Chart courtesy of FDA

So how does one go about applying this prudence? A good start would be to follow the example of FDA itself, which used a four-step process to inform the development of the standards of the Produce Safety Rule in its qualitative risk assessment on produce contamination. The process focuses on the application of a hazard analysis, which, as used by FDA, is defined as “the process of collecting and evaluating information on hazards and the conditions leading to their presence to determine which hazards are significant for food safety and therefore should be addressed.”

Hazard identification and risk analysis. While FDA’s process included hazard identification, hazard characterization, exposure assessment and risk characterization, produce growers can use a somewhat simpler version combing two of these and adding the management step, as follows:

  1. Identify the hazard. Identify any potential biological, chemical and physical hazards, such as those directly related to each specific produce item and process, any biological amendments used and hazards that could be introduced from the environment are ascertained. These should include any “known or reasonably foreseeable hazards” capable of causing adverse health effects and can be determined through a brainstorming session, facility historical data, as well as research into relevant sources (scientific literature, outbreak data, government or industry food safety guidance documents, historical data for similar products, etc.). Some additional considerations should include:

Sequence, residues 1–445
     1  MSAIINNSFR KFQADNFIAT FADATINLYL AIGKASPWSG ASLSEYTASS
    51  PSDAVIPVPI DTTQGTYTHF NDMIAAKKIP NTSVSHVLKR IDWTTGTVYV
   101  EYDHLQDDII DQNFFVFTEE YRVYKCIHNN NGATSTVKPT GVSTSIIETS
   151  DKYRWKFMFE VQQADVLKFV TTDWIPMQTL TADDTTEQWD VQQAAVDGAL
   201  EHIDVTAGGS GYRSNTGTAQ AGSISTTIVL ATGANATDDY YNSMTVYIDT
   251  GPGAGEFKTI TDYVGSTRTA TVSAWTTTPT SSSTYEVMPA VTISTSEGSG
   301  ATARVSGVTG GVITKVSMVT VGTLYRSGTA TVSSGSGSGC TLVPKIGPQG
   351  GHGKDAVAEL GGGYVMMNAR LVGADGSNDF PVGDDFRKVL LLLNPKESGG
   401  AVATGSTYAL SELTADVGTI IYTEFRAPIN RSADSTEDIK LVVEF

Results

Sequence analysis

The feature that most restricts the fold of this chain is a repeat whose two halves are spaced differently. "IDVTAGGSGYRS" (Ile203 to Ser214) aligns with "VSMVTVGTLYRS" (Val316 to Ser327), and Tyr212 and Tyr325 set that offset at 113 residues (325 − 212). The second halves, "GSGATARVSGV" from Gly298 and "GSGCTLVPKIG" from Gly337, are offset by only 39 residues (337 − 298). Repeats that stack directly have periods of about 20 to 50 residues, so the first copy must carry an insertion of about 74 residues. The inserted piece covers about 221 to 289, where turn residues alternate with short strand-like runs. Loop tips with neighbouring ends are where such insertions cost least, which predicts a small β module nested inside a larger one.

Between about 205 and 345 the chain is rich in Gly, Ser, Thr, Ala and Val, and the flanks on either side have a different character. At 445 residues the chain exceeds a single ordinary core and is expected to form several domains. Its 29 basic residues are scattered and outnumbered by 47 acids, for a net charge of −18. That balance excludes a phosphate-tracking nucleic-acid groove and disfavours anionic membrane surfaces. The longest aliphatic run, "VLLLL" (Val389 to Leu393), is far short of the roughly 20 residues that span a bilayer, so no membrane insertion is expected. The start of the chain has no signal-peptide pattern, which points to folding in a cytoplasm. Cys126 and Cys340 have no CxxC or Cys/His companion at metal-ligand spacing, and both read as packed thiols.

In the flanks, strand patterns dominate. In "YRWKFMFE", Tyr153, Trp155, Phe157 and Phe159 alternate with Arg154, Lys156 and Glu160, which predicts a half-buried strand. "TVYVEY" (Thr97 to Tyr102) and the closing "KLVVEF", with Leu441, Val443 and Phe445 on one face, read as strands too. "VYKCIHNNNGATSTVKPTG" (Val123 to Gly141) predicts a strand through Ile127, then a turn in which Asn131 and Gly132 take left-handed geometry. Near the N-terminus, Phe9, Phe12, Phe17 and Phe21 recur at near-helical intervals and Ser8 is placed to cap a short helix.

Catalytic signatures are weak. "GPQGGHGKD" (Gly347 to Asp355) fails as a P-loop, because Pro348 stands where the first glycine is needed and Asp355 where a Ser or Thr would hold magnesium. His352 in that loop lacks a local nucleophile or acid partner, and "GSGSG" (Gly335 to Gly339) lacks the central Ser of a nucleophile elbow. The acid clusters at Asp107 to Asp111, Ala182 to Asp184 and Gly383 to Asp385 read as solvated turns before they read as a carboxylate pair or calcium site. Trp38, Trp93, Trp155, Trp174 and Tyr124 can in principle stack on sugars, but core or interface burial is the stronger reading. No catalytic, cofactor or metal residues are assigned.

• Intended use and distribution (e.g. direct to retail, or will it undergo further processing?)
    • Past experience with the produce, such as product testing results and consumer complaints
    • Pathogens known to be associated with specific produce or biological amendments used
    • The condition, function and design of the greenhouse that could cause contamination
    • Processing activities and equipment used to make the product (e.g., ease of cleaning, potential for damage, cross contamination of allergens, etc.)